When This Rate Goes Down, You’ll See the Economy Go Up

By Nick Rokke, analyst, The Palm Beach Daily

DETROIT—“Protection is the platform for profit.”

Right now, I’m in Detroit continuing my conversation with Dale Brown. He’s the founder of private security company Detroit Threat Management.

For the past couple of days, Dale has been my tour guide. And he’s been showing me signs of Motown’s economic renaissance.

And a major driver of the city’s recovery has been safety.

I’m in Detroit continuing my Rust Belt Tour to see whether President Trump’s “America First” policies are having an effect on the economy.

You see, you can have the most pro-business policy ever and it won’t make any difference if there isn’t any safety.

“Politicians don’t provide prosperity,” Dale said. “They don’t create the safety. Protection is the platform for profit.”

Dale knows this firsthand.

One of his first clients was a $250 million cigarette distribution company. The company had plenty of business but was on the verge of bankruptcy.

That’s because the Detroit mafia was hijacking its delivery trucks. In one two-week span, thugs robbed three shipments worth $1 million each.

The company hired Dale’s security firm about 20 years ago. Since then, not one shipment has been lost.

Now the company has grown and pays its owners and employees very well. That’s all because the business got safer.

The mainstream media outlets will have you believe that everyone is struggling and the economy is about to crash.

That’s not what I’m seeing. I’m seeing companies—like Detroit Threat Management, AK Steel in Ohio, Sully’s Bar & Grill in Indiana, and Morgan Dempsey in Wisconsin—thriving.

During this trip, I’m pulling back the curtain to show you what’s really going on. I’m not going to repeat the doom and gloom the news media pumps so you keep watching their commercials. I’m going to tell you the truth.

And the truth is that there is an industrial renaissance underway. If you’ve been sitting on the sidelines because of doom and gloom, now is the time to get into the market.

Urban Renewal

During the recession of 2008, Detroit was particularly hard-hit as the auto industry collapsed. Like many other industries, many of those jobs were sent to countries with cheaper labor costs, like Mexico.

That left thousands of Detroit residents jobless. And with fewer workers, the city’s tax coffers decreased.

The city’s police force was in decline and criminals exploited the opportunity.

According to City-Data.com, Detroit’s crime rate peaked in 2006. In that year, there were 28,500 robberies and burglaries. By 2015, that number was cut to 18,000.

Not coincidentally, the Detroit resurgence began as the crime rate decreased. For example, in 2010, Quicken Loans owner Dan Gilbert moved his company’s headquarters downtown. He brought over 1,000 jobs to the city.

Many companies followed, bringing thousands more new jobs to the urban center.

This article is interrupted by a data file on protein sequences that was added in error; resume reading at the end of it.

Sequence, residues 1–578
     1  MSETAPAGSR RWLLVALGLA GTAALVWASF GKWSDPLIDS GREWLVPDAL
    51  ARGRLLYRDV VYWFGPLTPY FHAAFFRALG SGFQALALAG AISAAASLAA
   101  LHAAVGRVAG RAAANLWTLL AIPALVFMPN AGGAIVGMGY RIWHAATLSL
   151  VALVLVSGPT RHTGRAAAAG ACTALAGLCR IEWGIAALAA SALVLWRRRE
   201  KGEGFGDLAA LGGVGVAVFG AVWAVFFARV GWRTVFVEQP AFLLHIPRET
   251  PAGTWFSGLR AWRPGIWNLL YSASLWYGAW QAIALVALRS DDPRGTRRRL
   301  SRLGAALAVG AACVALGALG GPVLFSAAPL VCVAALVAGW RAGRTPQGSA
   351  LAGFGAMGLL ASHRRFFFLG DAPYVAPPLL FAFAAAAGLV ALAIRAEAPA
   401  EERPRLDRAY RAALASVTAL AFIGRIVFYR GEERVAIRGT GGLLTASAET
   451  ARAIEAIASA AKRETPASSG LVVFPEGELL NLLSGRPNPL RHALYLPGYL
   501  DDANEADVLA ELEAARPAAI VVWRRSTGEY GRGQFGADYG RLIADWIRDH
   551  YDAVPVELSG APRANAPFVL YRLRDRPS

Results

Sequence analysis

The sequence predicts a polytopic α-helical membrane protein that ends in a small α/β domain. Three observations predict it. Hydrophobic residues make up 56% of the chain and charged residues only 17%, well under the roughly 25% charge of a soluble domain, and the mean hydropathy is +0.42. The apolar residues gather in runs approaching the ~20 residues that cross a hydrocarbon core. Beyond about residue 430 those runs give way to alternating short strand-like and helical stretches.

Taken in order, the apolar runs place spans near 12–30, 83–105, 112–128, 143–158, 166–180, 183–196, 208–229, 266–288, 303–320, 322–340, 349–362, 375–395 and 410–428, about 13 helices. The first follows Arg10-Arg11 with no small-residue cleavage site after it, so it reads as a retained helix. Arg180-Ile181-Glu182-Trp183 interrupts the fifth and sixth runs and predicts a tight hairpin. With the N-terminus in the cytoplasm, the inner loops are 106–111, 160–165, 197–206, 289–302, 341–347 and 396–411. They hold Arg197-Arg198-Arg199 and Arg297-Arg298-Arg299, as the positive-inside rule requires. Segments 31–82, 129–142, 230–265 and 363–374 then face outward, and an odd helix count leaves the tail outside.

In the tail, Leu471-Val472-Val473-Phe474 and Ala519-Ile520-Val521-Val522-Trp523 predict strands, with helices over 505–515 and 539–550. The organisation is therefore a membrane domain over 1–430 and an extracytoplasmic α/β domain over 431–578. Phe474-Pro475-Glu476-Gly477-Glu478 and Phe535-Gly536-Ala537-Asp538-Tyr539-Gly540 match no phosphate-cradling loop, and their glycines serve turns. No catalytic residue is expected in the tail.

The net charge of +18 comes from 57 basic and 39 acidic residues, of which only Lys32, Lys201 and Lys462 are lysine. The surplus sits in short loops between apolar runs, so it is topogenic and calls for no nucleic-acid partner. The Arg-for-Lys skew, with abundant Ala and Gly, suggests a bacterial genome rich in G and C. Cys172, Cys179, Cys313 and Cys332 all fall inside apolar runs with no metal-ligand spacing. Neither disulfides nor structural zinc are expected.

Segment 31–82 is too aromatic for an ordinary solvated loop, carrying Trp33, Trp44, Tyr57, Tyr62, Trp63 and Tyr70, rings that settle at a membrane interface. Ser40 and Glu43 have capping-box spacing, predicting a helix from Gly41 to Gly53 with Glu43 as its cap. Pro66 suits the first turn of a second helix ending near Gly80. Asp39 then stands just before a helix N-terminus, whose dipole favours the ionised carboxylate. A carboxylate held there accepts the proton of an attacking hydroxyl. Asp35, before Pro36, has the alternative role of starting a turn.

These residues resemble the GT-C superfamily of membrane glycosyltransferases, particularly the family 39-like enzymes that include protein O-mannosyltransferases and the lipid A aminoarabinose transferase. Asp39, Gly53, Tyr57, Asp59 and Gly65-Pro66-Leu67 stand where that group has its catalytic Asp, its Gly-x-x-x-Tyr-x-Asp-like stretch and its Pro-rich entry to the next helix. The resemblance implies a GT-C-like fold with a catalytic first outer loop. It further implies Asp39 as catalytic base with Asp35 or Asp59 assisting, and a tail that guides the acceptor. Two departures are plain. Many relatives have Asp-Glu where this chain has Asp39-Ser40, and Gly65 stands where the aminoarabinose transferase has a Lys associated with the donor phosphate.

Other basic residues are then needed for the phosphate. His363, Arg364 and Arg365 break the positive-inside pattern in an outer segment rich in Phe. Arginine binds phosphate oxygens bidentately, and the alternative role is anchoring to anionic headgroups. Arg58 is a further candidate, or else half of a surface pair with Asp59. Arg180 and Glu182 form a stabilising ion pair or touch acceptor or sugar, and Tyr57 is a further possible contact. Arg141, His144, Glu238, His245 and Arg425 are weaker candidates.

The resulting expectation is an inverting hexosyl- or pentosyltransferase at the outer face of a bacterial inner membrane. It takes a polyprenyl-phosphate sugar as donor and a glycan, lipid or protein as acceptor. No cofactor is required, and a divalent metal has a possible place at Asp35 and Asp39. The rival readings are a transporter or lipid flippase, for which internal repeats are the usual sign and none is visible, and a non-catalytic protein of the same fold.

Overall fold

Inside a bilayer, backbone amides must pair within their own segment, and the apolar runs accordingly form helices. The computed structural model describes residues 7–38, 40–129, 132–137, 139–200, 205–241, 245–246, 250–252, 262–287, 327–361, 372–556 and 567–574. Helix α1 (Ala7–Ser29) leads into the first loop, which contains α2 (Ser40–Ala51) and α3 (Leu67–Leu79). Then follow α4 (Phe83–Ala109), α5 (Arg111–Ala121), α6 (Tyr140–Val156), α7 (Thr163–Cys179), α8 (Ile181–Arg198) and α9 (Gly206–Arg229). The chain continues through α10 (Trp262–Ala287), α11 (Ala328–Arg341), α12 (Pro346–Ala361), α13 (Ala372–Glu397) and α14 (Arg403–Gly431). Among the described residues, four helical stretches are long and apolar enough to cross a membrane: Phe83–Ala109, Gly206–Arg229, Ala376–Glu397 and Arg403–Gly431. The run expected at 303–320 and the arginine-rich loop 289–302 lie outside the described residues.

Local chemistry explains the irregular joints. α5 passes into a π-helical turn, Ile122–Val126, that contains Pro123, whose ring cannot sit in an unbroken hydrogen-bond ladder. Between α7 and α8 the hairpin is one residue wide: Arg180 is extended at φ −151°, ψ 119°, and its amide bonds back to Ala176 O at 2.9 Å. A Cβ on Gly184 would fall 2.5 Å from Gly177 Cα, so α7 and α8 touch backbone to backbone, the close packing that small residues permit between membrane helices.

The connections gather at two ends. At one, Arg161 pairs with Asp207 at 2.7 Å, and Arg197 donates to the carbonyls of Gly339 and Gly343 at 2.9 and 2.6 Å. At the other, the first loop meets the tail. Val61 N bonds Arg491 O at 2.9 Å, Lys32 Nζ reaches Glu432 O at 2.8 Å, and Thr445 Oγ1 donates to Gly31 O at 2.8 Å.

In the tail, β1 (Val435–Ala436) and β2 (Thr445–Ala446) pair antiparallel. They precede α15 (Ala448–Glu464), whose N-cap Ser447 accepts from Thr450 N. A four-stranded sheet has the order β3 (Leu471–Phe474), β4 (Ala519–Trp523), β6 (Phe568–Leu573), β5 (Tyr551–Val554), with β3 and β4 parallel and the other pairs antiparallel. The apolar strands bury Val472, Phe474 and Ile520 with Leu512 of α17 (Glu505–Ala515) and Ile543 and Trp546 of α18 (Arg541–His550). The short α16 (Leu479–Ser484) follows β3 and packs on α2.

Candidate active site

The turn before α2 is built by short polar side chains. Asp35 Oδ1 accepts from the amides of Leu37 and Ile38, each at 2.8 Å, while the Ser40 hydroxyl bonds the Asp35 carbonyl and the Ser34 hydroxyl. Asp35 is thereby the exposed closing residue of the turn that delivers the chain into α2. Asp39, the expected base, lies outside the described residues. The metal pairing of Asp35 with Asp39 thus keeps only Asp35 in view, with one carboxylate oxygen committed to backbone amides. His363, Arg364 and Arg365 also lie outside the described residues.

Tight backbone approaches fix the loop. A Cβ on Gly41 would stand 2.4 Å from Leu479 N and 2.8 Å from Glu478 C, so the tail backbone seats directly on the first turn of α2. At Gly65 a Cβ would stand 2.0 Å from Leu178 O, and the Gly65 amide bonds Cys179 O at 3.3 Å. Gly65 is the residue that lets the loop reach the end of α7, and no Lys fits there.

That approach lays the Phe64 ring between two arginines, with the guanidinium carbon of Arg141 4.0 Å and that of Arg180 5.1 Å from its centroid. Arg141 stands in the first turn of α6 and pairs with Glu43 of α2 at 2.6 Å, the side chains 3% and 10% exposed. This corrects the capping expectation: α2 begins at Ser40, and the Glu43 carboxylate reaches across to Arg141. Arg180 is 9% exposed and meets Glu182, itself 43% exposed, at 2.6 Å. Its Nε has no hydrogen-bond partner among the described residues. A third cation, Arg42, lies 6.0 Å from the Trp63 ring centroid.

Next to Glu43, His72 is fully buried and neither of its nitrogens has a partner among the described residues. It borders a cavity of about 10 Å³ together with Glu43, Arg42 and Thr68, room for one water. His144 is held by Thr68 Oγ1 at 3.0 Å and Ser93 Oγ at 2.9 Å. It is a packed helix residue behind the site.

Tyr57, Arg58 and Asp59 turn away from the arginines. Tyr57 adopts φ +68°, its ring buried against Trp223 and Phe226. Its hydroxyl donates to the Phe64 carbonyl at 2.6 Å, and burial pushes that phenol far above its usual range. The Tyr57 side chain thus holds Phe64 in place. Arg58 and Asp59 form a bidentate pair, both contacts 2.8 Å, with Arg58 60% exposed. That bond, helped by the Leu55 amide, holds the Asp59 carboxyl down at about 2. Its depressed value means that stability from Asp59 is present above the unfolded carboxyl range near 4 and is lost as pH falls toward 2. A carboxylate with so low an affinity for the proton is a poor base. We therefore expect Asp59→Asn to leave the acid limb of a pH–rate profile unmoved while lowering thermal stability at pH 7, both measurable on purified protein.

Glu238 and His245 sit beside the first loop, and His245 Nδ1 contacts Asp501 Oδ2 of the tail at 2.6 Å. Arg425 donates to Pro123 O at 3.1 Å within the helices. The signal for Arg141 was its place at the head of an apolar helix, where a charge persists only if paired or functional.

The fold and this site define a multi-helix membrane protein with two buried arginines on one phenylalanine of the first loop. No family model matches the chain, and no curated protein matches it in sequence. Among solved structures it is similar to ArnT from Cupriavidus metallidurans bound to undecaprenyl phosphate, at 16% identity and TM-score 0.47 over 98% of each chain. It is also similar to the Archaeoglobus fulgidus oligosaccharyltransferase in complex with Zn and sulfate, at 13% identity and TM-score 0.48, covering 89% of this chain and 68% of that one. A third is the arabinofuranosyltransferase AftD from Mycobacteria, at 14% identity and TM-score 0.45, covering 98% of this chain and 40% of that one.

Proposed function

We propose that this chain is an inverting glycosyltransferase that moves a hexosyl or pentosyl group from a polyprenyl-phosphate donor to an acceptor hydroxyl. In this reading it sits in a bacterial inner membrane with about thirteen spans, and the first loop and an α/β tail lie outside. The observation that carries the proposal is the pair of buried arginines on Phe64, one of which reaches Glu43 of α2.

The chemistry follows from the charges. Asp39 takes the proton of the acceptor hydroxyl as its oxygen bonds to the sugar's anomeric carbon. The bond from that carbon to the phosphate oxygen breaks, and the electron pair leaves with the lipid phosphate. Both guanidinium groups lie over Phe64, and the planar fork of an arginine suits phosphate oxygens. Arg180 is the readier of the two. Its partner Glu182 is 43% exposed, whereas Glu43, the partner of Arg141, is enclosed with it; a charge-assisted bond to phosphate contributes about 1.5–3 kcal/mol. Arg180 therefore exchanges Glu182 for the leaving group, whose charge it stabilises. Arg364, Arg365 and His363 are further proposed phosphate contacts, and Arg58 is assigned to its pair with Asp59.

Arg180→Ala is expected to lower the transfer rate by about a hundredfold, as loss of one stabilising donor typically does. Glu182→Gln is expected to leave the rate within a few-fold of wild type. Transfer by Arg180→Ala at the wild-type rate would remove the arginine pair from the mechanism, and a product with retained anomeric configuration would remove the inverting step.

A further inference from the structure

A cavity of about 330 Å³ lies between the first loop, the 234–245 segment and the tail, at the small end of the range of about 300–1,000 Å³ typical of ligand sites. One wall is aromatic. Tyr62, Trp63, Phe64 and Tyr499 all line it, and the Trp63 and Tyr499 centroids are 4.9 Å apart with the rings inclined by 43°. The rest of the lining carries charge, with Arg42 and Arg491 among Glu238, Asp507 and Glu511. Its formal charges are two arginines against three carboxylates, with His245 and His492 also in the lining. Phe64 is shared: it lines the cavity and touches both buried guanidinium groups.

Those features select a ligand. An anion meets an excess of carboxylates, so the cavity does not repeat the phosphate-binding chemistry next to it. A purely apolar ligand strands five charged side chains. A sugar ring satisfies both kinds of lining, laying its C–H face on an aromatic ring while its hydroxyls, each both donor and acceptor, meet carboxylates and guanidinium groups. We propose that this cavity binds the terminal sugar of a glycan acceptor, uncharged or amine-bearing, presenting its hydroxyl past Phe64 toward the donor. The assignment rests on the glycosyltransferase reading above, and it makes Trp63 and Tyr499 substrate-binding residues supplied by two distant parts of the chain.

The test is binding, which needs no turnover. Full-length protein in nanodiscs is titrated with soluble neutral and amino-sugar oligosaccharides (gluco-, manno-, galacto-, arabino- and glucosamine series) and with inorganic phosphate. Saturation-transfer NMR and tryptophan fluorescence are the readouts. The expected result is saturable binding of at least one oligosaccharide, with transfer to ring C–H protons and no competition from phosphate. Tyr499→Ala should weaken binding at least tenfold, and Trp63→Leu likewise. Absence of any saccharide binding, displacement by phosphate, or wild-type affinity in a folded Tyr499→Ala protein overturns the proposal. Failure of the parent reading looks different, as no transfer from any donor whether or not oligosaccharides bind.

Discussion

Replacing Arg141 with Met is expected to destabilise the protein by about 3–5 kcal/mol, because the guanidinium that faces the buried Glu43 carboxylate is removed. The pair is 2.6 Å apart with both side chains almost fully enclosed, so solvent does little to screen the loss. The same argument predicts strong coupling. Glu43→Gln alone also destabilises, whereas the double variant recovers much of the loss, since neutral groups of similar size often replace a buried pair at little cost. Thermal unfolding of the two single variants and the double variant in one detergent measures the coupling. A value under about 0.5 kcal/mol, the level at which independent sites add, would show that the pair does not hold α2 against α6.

Safer Neighborhoods, Too

Detroit doesn’t have rich and poor areas. It has safe and unsafe areas. In fact, safe, well-off neighborhoods in the city have become unsafe and poor.

That’s what happened in two of Detroit’s wealthier neighborhoods: Palmer Woods and Sherwood Forest.

These are nice neighborhoods with affluent people. Palmer Woods is the home of a former archbishop.

At first, these communities were insulated from the urban blight surrounding them. But as the economy collapsed, criminals started targeting the areas and they became unsafe.

People tried selling their homes, but couldn’t. Eventually, some gave up and vacated them.

Dale’s company started patrolling these neighborhoods in 2010. At the time, Palmer Woods had 33 vacant houses. Since then, crime in the neighborhood fell by 90%. People started coming back.

Today, there are only two vacant homes in Palmer Woods, and real estate prices in the neighborhood have doubled. The rest of Detroit is up by only 33%.

What Crime Rates Tell Us

Before I visited Detroit, I thought crime was up in these neighborhoods because of poverty.

In my mind, if the economy was getting better, there’d be less crime. If more people could get jobs, they wouldn’t need to resort to crime.

But Dale quickly schooled me on this point. He pointed out that crime isn’t a matter of need or poverty. It’s a matter of opportunity. And the stats back him up.

As I mentioned earlier, crime in Detroit peaked in 2006. That was two years before the recession. The U.S. economy was strong at that time.

Here’s the key takeaway…

Don’t just look at poverty numbers to determine the health of a community. That’s a backward-looking indicator. It tells where the economy has been, not where it’s going.

A more forward-looking indicator of the future health of an economy is crime rates.

If you can determine where crime rates are going down, chances are you’ll find an area ripe for investment.

You can find local crime statistics on real estate website Trulia or City-Data.com and national crime statistics in the World Data Atlas.

Whether you’re looking to buy local real estate, start a business, or buy a country index fund, researching crime stats will help you put investments in the right place.

Nick Rokke, CFA
Analyst, The Palm Beach Daily

P.S. If I were a Detroit developer, I’d buy some of the vacated blocks near the neighborhoods Dale’s company patrols. Then I’d build mini urban centers and hire his company to patrol them. The area would thrive, and the investment would skyrocket.


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